There are many options for load balancing your VMware View environment. Ideally, whatever solution you use should offer load balancing (as you might expect) but also be able to detect when nodes in the cluster become unavailable. Load balancers vary in quality and some do not handle this second requirement very efficiently. Of course, your availability issues could also be addressed with a combination of VMware High Availability and Fault Tolerance if your services were running in vSphere VMs.
Hercules is an IP-based load balancer that runs as a virtual appliance and is free to download from VMware’s Market Place. I first came across this system from teaching the old VMware Virtual Desktop Manager (VDM) course, where we used it in the student labs. It does the job and simplifies the end user connection as they only need to connect to one IP address. True load balancing appliances - either physical or virtual - are likely to come in pairs to prevent them becoming a single point of failure but respond to one single IP address. You can download Hercules from here:
The default login is root and the password is root, you will have to use the Linux text editor Vi to edit the /etc/network/interfaces file to modify its IP address. Once you have set the IP address of Hercules, you can use its PEN command to set the two Security Servers, and it will load balance like so:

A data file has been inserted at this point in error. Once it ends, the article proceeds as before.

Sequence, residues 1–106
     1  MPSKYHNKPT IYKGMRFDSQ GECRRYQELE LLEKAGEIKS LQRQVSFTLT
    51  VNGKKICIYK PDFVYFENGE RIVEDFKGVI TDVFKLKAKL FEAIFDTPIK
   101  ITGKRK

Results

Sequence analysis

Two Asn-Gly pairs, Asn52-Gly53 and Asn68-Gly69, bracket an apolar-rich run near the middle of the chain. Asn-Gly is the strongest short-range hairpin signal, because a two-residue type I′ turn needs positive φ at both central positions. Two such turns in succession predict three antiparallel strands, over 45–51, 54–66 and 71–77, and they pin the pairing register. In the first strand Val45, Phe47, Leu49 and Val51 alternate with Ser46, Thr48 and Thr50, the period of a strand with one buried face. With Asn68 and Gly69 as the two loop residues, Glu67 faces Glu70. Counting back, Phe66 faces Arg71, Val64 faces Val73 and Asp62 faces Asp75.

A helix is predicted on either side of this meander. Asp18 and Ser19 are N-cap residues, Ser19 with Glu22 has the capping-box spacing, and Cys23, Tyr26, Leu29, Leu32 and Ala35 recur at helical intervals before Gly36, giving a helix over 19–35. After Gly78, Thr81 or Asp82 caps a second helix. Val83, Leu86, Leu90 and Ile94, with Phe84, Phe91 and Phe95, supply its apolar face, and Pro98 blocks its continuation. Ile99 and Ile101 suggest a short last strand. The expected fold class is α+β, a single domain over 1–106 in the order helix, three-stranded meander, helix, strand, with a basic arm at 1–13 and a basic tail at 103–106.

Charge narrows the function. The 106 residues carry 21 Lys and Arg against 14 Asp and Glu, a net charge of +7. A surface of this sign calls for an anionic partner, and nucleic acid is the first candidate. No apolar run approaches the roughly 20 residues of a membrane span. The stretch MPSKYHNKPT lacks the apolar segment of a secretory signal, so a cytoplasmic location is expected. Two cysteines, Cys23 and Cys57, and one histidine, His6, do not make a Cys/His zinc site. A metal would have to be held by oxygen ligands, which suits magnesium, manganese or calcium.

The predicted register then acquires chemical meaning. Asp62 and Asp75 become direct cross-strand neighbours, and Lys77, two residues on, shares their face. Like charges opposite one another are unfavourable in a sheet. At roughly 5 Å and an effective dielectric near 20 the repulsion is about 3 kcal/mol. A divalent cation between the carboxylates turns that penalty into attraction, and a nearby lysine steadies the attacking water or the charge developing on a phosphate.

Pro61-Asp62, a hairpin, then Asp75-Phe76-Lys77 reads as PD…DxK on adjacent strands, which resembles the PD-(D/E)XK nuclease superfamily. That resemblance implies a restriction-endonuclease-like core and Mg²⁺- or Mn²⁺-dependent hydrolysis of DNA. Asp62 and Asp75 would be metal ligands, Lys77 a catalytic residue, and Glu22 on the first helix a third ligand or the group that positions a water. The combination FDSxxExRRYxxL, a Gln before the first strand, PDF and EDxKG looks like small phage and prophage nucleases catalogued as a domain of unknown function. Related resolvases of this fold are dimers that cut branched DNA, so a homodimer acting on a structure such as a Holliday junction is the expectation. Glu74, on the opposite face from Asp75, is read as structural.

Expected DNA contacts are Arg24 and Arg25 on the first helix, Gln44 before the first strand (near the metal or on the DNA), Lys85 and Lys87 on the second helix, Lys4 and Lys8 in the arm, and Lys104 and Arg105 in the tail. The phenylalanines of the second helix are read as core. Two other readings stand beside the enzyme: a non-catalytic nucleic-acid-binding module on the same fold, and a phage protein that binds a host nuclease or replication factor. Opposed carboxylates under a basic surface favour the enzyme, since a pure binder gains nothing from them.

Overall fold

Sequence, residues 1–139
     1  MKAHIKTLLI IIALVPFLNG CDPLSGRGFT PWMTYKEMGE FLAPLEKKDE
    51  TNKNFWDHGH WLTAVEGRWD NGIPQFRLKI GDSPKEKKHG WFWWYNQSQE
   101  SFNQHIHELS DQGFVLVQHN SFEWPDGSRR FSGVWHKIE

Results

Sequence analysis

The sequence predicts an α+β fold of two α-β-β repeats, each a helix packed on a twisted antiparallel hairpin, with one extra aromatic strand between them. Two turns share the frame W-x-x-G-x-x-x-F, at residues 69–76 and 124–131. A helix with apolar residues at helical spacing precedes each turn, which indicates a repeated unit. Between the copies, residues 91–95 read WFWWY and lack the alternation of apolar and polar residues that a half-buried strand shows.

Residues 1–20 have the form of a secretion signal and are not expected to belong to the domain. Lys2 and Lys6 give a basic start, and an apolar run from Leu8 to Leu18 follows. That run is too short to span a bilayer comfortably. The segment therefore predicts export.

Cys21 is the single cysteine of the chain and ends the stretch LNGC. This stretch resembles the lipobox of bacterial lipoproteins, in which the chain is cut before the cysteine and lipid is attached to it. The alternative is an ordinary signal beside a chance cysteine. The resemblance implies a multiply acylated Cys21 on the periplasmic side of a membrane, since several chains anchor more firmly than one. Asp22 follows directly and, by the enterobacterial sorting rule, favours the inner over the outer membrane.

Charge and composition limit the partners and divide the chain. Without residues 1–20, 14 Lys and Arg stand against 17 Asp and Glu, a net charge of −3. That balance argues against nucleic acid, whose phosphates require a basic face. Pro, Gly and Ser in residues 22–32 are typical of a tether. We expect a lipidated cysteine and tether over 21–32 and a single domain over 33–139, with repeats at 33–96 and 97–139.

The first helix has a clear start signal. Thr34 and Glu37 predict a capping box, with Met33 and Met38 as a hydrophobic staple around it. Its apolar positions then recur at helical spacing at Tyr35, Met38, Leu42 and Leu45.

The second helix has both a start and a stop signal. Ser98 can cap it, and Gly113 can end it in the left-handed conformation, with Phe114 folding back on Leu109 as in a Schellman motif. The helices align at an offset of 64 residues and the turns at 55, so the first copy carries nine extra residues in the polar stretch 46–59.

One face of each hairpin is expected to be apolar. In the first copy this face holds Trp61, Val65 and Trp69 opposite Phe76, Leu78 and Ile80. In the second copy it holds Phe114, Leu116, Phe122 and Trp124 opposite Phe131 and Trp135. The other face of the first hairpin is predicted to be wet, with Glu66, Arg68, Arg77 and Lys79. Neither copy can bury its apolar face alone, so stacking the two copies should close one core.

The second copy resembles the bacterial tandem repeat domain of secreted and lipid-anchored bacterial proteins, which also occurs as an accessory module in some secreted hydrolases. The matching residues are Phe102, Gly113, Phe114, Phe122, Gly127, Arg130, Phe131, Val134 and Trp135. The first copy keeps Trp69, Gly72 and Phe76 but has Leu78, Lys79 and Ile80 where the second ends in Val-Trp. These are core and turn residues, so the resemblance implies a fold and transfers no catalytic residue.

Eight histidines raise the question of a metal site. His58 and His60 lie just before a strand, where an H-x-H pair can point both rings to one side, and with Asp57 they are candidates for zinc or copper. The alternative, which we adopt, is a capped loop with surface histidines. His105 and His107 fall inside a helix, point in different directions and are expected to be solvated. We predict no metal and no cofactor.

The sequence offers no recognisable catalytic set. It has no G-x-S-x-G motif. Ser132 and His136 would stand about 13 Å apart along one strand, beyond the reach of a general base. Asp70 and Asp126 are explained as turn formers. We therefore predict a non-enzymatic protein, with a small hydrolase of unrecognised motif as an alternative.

pen 443 192.168.2.175:443 192.168.2.176:443
Alternatively, a cost-effective solution is to use Microsoft Network Load Balancing to create an NLB cluster of two or more Security Servers. Microsoft NLB is relatively easy to set up, and while it does handle load balancing successfully, I’ve found it somewhat lacking in detecting whether one of the nodes in the NLB cluster has gone down. It doesn’t seem to have much awareness of the IP dependencies between the various components that it balances – additionally there will be scalability issues with NLB when you have a large enterprise deployment. The more I have investigated these options, the more I think how much simpler life would be if I only had one Security Server and Connection Server, and they were protected by VMware Fault Tolerance. However, the one thing that stops this configuration is patch management and upgrades. If you only have one Connection server and Security server, it becomes impossible to take down one of the roles to carry out maintenance of the server. Additionally, VMware FT does not protect a VM from service failure within the guest operation system.
What follows is very much a “Getting Started” guide to Microsoft NLB, it will not cover every single option or setting. My intention here is merely to show you an example of a load balancing system, and how it affects the configuration of the Security Server.
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This was first published in September 2010